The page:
Washington Redskins’ Jim Haslett confident defense will improve through adversity


Redskins defensive coordinator Jim Haslett, left, talks with linbacker Brian Orakpo in training camp. The Redskins have given up 1,464 yards through three games. (John McDonnell/The Washington Post)
September 28, 2013

Jim Haslett hasn’t suited up for a football game in 26 years, but at his core, he remains a grizzled linebacker.

During an eight-year playing career, he endured hundreds of collisions and experienced nearly every high and low the NFL has to offer: from rookie of the year honors and playoff appearances, to injuries and seasons with double-digit losses.

Another 20 seasons as an NFL coach have further weathered Haslett. In his tenure, he has worn many hats: head coach, defensive coordinator, defensive line coach, linebackers coach, special teams coordinator.

Haslett maintains a steely gaze and resolve in the face of adversity — even as a once-promising Washington Redskins defensive unit has gotten off to a historically bad start. The poor play has some fans and sports talk radio hosts calling for his job.

Haslett soldiers on with an even-keeled approach in meetings with his assistants and players and on the practice field, those close to him say.

The Post’s Mike Jones gives a recap of Sunday’s game where the Redskins fell to 0-3 with a loss to the Detroit Lions. Photos from Washington Post, Reuters, Getty and AP Photo. (Sarah Parnass/The Washington Post)

“I’m always the same through the good times and the bad times,” Haslett said. “But I believe the way our guys are working, and we went through this last year, that we’ll find a way out of it. . . . I’ll stay the same through the whole thing.”

Roller coaster ride

When he accepted the reclamation project that was the Redskins in 2010, Coach Mike Shanahan tabbed Haslett as his defensive coordinator because of his extensive résumé, which included stints with the Pittsburgh Steelers, whose 3-4 defenses Shanahan had admired from afar for years.

The last four years have resembled a roller coaster for Haslett. Without the proper players in place in 2010, the Redskins’ defense ranked among the worst in the NFL. The following season, the unit’s ranking jumped from 31st to 13th. But the progress didn’t continue last season — at least not initially.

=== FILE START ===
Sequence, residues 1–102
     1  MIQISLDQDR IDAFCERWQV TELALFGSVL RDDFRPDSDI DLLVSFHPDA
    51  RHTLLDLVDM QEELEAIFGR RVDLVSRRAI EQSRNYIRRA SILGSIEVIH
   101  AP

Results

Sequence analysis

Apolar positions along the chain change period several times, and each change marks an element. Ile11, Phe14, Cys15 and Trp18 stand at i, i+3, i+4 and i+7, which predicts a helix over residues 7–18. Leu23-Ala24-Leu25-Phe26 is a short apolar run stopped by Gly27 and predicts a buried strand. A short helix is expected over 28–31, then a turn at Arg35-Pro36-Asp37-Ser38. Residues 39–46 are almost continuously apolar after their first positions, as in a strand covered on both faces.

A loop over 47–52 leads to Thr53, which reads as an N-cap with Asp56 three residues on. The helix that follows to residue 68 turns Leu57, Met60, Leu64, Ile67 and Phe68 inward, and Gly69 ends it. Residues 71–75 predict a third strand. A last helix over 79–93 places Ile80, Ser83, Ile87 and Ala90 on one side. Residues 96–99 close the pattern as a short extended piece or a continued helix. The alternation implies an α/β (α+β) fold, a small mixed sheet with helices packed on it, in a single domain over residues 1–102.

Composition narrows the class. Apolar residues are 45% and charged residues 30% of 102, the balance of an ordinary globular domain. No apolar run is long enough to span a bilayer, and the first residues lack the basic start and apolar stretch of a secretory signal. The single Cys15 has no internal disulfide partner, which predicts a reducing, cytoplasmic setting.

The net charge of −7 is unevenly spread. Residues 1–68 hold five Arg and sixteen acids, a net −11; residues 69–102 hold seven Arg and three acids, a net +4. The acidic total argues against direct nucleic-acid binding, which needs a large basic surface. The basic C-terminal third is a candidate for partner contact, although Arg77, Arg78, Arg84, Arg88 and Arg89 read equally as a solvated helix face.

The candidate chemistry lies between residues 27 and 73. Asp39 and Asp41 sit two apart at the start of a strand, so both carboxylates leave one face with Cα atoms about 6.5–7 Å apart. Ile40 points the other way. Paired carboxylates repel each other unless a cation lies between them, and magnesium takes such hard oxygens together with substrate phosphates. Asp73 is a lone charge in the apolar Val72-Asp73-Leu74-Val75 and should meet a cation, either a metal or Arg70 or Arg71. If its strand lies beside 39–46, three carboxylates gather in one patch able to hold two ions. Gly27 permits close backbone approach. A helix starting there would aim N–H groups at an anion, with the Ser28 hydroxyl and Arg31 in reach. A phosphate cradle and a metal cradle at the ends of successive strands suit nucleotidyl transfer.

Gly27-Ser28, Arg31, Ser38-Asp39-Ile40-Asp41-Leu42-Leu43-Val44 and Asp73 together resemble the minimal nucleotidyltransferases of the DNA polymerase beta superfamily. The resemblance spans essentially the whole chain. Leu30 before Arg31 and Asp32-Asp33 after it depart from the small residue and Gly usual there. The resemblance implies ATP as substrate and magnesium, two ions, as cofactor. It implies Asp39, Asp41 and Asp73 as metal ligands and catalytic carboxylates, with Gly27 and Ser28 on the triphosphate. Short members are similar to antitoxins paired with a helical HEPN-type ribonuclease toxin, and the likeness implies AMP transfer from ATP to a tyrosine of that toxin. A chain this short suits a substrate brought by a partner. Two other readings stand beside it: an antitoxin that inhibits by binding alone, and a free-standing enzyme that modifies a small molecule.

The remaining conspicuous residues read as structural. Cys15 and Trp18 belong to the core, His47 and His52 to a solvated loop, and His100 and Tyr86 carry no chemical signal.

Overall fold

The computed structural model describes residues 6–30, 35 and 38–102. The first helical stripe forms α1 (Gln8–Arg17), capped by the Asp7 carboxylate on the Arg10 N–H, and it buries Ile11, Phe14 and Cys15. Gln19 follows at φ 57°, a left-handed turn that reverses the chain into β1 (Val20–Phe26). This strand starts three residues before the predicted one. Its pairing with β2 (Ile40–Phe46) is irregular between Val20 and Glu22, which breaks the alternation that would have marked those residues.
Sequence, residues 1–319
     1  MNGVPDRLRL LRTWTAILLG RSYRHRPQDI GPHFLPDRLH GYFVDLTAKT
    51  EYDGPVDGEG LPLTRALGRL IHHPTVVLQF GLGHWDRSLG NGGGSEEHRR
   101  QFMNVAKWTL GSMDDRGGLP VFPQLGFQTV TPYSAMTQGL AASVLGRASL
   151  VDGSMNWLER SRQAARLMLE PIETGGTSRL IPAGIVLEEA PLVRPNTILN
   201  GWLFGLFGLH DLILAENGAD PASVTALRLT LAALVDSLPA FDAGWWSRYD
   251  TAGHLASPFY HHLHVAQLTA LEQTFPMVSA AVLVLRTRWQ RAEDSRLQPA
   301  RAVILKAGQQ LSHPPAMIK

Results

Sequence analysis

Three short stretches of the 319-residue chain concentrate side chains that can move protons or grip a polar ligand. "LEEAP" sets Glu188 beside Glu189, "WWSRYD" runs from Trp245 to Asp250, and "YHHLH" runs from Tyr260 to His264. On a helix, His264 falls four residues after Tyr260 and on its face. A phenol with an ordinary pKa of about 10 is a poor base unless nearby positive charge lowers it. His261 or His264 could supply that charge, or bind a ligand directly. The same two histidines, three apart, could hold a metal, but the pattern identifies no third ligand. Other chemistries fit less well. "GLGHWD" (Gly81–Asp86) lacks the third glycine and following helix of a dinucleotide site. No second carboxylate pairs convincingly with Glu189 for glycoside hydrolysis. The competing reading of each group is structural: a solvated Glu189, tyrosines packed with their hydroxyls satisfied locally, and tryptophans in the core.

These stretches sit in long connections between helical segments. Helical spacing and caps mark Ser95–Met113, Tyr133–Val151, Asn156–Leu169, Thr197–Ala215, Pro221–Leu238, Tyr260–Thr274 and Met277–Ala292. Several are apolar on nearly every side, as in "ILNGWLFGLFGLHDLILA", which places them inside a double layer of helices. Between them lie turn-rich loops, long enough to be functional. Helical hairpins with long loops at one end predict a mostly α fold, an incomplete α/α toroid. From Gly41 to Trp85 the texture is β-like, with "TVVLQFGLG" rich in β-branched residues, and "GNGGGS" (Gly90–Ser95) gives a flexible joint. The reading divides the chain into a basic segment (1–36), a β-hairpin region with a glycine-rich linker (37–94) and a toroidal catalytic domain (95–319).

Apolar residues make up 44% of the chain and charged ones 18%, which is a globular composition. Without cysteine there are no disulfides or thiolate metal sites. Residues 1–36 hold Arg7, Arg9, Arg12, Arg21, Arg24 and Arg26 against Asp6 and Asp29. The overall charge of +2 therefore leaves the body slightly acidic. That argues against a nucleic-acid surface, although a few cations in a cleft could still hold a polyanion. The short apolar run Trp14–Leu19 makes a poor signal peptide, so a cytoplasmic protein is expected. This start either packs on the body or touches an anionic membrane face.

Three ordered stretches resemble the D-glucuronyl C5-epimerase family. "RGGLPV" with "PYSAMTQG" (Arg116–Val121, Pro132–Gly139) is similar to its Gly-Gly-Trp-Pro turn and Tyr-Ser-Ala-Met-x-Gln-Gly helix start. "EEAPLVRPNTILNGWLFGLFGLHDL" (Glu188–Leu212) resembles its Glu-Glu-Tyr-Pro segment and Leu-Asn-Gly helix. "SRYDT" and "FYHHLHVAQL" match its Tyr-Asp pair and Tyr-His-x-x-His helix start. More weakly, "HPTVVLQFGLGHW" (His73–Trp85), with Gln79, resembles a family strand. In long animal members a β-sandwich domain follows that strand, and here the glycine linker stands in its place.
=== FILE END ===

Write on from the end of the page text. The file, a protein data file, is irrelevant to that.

Woeful performances in the first half of the season had the unit on pace to shatter the record for most yards allowed in a season. The performances improved, however, and it helped Washington go on a seven-game win streak that earned the franchise its first NFC East title in 13 years.

Three games into this season, Haslett has come under fire once again. The healthy returns of two-time Pro Bowl players Brian Orakpo and Brandon Meriweather hasn’t provided the anticipated boost.

Instead, the unit had no answer for the Philadelphia Eagles, who ran 53 plays and racked up 322 yards, 26 points and 21 first downs in the first half of the opener game. The following week at Green Bay, Aaron Rodgers and James Starks became the first Packers quarterback and running back in franchise history to throw for 400 yards and rush for 100 yards on the same day.

Last weekend, the Redskins gave up another 441 yards to the Detroit Lions. After playing better for much of the game, the unit collapsed late, allowing quarterback Matthew Stafford to direct a nine-play, 71-yard scoring drive to clinch the win.

Through three games, the Redskins’ defense has surrendered 1,464 yards. That’s more than any team has surrendered through the first three games of the season since the NFL and the American Football League merged in 1970.

Haslett has said the blame should be pinned on him for failing to better position his players for success. But his players said the problems lie with execution, not scheme.

“If one person makes one mistake [each] in a game, you’ve got 11 mistakes, and that will get you beat,” defensive end Kedric Golston said.

A new perspective

This season, Haslett has moved from the sideline to the coaches’ booth so he can get a better view of the field. The coach and his players said that as a result, he has been able to recognize problems and make adjustments more quickly.